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Leopard Plant Indoor (Farfugium Complete Guide)


Perennial with an imposing fresh, kidney-shaped and finally very ornamental foliage, Farfugium japonicum is native to East Asia and Japan, also called Leopard Plant. It likes to grow in humid meadows and along wooded streams. It is thus in a part of humid undergrowth that the leopard plant will grow best in our gardens.


Where to plant the Leopard Plant?

Concerning the exhibition, the leopard plants are perennials of shade or semi-shade, especially in pots. The sun damages the foliage which then tends to wither. The wind can also damage the foliage, so consider protecting the plant from it.

The soil should be rich and moist and remain cool, even slightly damp. The plant is indifferent to the pH.


When to plant the Leopard Plant?

Planting is preferably done in spring in April or early autumn, during the months of September and October.


How to plant in a pot?

  • Take a large pot of at least 12-16 inches because the plant will fill it up quickly.
  • Put a layer of clay balls or other draining material in the bottom of the pot.
  • Make a mixture of 2/3 potting soil or garden soil and 1/3 compost.
  • Remove and put the plant in the pot and fill the spaces with substrate.
  • Water well and place in a shady place.
  • At the very beginning of the spring, make a contribution of fertilizer or well matured compost.
  • Repot every 2 or 3 years when the plant really starts to get cramped.


Maintenance of the Leopard Plant

The plant is hardy only at 19°F and the foliage already disappears at 14°F. Don’t panic however, it will come back the following spring. But in autumn, protect the strain well with a thick mulch or if your leopard plant is grown in a pot, put the pot in a cold greenhouse (an unheated veranda for example). In the spring, a supply of ripe compost or decomposed or granulated horse manure will be appreciated.


You can cut the flower stems when the flowers wither in late autumn. Some gardeners simply prefer to sacrifice the bloom to enhance the foliage. It’s up to you! (but, I find it a shame personally…)


Multiplication of Farfugium

Forget categorically about sowing or possible cuttings, rather favour the division of tufts in April.


In reality, Leopard Plants produce rhizomes that spread and deviate from the original clump. The simplest way to do this is to locate one of these rhizomes and cut it with a spade or knife and replant it elsewhere.


Note that sowing is possible but only for the typical species, the varieties will not be reproduced faithfully.


Diseases and parasites of the Leopard Plant

No disease attacks leopard plants.


Beware! Like their botanical close cousin, the Ligularia, the Farfugium seems to attract slugs and snails like a magnet. So watch the grain and protect your perennials accordingly! Discover our tip sheet: Slugs: 7 ways to fight effectively and naturally.


How to associate the Leopard Plant?

In wet undergrowth

Under a few trees with a beneficial shade, your garden offers you a very humificient soil. In addition, a nearby pond provides a pleasant humidity in the atmosphere but also at ground level. It is the perfect place to host a Farfugium japonicum ‘Gigantea’ with large and exotic leaves. Why not accompany it with beautiful tree ferns, whose cut fronds will contrast strongly with the foliage of the leopard plant. Accompany them with a Cycas revoluta and an Elderberry with purple foliage to bring a little contrast in all this green.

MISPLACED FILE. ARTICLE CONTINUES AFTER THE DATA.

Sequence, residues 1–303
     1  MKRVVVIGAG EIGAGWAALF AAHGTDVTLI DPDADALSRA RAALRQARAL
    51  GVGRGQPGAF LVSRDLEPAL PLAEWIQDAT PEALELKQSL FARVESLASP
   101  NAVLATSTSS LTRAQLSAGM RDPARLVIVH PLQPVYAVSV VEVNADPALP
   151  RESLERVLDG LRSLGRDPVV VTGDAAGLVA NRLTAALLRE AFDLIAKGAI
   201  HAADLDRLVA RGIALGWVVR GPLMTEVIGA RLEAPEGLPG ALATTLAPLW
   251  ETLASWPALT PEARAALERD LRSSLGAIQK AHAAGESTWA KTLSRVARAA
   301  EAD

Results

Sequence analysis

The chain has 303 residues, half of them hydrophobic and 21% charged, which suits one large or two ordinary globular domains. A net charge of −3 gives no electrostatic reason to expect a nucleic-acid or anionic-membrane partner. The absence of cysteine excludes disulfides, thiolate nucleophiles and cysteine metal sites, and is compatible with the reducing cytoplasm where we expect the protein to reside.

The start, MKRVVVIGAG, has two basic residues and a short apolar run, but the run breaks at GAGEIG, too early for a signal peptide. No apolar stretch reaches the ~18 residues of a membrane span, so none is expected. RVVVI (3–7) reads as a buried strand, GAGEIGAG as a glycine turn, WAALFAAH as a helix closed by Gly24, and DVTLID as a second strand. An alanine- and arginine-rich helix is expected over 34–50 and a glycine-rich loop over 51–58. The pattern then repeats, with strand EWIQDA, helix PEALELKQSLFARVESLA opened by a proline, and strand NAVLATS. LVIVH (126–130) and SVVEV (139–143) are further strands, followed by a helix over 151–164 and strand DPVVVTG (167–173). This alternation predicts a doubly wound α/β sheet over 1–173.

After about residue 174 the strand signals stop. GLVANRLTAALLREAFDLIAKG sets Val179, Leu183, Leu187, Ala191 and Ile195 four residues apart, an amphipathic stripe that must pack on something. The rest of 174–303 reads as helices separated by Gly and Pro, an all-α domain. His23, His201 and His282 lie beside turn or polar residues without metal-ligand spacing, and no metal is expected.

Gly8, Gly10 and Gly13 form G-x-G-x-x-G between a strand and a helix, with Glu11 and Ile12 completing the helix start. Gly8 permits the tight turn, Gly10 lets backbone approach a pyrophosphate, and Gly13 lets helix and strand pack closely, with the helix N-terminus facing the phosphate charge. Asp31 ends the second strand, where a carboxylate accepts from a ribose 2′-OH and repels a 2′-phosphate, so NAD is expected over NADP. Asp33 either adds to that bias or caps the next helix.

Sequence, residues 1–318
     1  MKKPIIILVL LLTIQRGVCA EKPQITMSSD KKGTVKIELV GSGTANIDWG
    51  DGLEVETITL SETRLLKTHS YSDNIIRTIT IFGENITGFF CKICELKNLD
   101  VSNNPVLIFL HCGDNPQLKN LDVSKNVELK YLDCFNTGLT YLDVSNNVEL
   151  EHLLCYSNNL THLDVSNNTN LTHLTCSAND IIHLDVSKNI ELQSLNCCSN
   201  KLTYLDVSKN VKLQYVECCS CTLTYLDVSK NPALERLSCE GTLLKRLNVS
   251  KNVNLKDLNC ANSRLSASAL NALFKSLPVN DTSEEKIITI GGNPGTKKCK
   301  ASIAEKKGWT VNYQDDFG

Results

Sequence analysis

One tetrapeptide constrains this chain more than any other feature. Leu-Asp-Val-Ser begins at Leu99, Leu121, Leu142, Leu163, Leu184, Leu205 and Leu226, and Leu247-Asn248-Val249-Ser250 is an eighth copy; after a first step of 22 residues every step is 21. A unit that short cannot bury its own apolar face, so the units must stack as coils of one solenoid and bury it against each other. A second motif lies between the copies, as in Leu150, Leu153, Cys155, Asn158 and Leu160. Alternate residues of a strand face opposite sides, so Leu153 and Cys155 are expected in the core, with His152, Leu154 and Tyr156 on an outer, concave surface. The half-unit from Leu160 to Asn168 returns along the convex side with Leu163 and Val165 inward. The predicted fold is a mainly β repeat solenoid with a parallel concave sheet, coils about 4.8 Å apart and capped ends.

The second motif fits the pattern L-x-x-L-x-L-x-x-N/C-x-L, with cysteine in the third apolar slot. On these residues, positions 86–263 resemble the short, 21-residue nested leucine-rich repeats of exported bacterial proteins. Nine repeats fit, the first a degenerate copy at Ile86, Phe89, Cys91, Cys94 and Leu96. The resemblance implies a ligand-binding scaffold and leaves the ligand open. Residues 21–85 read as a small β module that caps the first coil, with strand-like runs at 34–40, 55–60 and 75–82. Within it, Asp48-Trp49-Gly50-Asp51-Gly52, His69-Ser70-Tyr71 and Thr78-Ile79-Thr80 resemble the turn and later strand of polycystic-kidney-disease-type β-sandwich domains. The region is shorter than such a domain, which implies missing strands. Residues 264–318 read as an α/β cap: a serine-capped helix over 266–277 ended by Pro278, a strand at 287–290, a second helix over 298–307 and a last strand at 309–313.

An exotic combination idea: Tree Fern, Sambucus nigra ‘Black Beauty’, Cycas revoluta and Farfugium japonicaum ‘Gigantea’.

Another idea would be to accompany the fall flowering of the Leopard Plant, a “friend from Japan” would be an excellent idea. A ‘Cheju-Do’ Actea japonica ‘Cheju-Do’ with silver-glazed foliage in spring and multiple spikes of white and slender upright spikes. Let’s stay in Japan and the autumn blooms with this very pretty Anemone of Japan ‘Rubra Plena’ with its semi-double dark pink flowers.


Finally, let’s not forget a beautiful contrast of shape and color of foliage with some tufts of Japanese sedge, Carex morrowii ‘Aureomarginata’, with its supple, evergreen, yellow foliage with a strong green border that will illuminate the darkest corners of the garden.

In pot in the shade

At home, winters are too harsh to let Leopard Plants grow in the ground? Don’t panic, they live very well in large pots that we will store in winter in a cold greenhouse. But in the meantime, it will be the occasion of a small scene of perennial that will appreciate the shady and humid atmospheres and that do not suffer from being grown in pots.


Farfugium japonicum ‘Crispata’ is a rare form, with intensely wavy foliage along the edges and, moreover, it is more compact than the typical species and will hardly exceed fifty centimeters in all directions. A beautiful clump of Japanese grass, Hakonechloa macra ‘Aureola’, with beautiful arched foliage and variegated green variegated with golden stripe will keep him company. A small place can be found for a mini collection of Hostas with various foliage such as Hosta ‘Morning Light’, Hosta ‘Rainbow End’ and Hosta ‘Clifford’s Forest Fire’.


Finally, a beautiful pot of Ligularia, the close cousin of the Farfugium, can be placed in the presence of a Ligularia stenocephala, with long, thin spikes of tiny yellow flowers borne on brown-black stems emerging from a massive tuft of shiny, heart-shaped leaves.



Farfugium japonicum, the leopard plant, is a hardy shade plant, whose yellow flowers and large shiny semi-persistent leaves illuminate the darkest corners of the garden.

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